September 10, 2012
I’ve been flirting with Scapa for a year now… tasting it here and there, but never in a situation where I could contemplate and write about it. It surprised me at WhiskyFest 2011, standing out amid a throng of other whiskies that had me pretty much in the bag by the time I got around to the Scapa table. My notes amount to “Mm! Gud!” Finally, I got to have a nice long conversation with a pour of Scapa 16 at K&L this week. It delivers. Just when I was starting to think I’d discovered all the exciting single malts around. It’s not often that I’m taken by a scotch aged solely in ex-bourbon casks (100% first-fill, in this case), but the flavors here are deep and focused.
Scapa is located by the ocean in the Orkney Isles, off the northeastern coast of Scotland’s mainland. Like Highland Park, it shares the distinction of being among the northernmost distilleries in Scotland. Unlike Highland Park, Scapa does not use the local Orcadian peat to dry its barley. Also unlike Highland Park, Scapa restricts itself to aging in those first-fill bourbon barrels, which is probably the least intrusive way to age whisky – only a 3rd- or 4th-fill ex-bourbon cask would impart less influence on the whisky. In fact, at its essence, Scapa is as simple as single malt gets: good malt carefully distilled, aged in the simplest possible way, and bottled without flourishes, finishes, or fanfare. I only wish it were bottled at 43% ABV and was not chill-filtered, alas. I marked it “Must Try” because I feel that Scapa showcases what can be done without fancy barrel finishes. It’s a great whisky to try if you’re looking to step out of the mainstream.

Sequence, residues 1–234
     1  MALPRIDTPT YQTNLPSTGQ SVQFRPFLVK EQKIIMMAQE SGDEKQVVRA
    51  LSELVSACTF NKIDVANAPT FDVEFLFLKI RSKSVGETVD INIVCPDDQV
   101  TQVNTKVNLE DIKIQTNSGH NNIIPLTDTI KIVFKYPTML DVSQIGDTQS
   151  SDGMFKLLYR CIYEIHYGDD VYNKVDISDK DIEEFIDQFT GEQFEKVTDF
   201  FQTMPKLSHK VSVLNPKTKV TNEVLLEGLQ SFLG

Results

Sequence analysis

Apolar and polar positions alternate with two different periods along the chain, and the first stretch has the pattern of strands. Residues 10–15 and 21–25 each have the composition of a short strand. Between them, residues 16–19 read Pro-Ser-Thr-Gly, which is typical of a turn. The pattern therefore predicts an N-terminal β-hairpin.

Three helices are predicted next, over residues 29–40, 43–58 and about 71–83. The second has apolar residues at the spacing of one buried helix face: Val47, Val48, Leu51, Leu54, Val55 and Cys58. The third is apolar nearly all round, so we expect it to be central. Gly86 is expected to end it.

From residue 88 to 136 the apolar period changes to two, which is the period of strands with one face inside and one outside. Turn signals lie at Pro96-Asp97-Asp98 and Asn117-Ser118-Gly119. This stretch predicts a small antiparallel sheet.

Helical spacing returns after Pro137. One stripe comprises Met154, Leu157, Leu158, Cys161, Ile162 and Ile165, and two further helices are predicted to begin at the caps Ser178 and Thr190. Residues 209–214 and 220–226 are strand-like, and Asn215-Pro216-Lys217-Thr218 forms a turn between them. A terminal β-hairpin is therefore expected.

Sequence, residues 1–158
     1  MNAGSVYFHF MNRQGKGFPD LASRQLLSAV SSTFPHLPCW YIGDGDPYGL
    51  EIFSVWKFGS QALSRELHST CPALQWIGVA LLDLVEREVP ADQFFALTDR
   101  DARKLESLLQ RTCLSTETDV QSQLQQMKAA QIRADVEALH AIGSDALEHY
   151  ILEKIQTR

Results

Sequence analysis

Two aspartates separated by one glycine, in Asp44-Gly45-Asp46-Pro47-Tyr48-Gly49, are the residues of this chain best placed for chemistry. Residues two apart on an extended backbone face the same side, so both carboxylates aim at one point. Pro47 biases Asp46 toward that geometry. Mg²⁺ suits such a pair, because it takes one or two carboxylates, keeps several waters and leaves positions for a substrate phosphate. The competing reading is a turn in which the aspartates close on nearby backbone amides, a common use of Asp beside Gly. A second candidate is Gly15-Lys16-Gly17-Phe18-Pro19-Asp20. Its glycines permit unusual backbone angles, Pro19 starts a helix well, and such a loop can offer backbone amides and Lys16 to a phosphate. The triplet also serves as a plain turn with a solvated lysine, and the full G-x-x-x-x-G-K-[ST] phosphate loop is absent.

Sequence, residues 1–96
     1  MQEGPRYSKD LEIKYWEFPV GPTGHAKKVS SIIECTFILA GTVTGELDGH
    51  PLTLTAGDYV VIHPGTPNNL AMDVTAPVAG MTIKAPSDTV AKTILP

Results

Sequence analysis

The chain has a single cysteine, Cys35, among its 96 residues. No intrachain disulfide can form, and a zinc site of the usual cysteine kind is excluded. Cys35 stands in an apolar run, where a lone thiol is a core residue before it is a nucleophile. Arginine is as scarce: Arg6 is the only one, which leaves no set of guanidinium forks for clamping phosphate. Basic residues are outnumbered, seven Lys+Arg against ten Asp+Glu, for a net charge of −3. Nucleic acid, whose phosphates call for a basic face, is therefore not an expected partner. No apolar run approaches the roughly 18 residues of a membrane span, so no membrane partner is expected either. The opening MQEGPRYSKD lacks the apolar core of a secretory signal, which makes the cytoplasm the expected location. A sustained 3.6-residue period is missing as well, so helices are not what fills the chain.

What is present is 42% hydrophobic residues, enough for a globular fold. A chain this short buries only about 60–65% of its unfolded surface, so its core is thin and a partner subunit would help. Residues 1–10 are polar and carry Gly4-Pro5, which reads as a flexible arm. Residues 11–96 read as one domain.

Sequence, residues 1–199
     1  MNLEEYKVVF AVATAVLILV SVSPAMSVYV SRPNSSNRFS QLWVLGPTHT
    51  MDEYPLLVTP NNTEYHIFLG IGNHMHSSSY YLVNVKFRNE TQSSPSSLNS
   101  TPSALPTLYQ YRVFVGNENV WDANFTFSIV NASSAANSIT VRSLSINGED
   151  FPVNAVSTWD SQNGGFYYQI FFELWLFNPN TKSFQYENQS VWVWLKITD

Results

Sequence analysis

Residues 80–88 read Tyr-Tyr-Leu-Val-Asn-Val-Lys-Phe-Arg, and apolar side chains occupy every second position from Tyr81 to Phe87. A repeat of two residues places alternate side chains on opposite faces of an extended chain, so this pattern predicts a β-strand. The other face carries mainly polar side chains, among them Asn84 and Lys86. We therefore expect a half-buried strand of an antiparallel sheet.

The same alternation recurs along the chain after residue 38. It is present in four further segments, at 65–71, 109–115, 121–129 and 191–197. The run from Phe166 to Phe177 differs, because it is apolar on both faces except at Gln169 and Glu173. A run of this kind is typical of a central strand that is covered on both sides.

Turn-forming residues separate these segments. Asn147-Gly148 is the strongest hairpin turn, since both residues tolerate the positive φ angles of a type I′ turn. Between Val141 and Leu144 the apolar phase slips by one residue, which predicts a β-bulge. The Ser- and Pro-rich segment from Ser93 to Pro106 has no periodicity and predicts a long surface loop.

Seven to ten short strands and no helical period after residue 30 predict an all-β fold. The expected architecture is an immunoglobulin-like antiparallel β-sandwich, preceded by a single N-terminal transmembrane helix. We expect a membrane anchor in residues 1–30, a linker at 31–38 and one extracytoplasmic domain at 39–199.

Nose: Briny. Sugar cookies and vanilla saltwater taffy. Very floral – honeysuckle. Elegant. It rewards a lengthy pondering by evolving more depth – not so much new aromas. It definitely reminds one of the sea – briny air, seaweed washed up on shore, and driftwood drying in the sun.
Palate: Light in body and flavor, but focused – a nuttiness like salted cashews, and distinct vanilla and malt (which continues to show as sugar cookies and saltwater taffy).
Finish: Light and of medium length. Vanilla bean and fresh dairy cream. Elegant to the last, and devoid of bitterness.
With Water: A surge of banana (ugh), but that fades and reveals syrupy melted ice cream. Definitely try it with a few drops.
Overall: Quite good. Scapa is light in nature, but delivers surprisingly deep and complex variations on the theme. Not just vanilla, but rich, roasty vanilla. Not just taffy, but briny, homemade saltwater taffy. Not just a good sipping malt, but elegant and accomplished from nose to finish.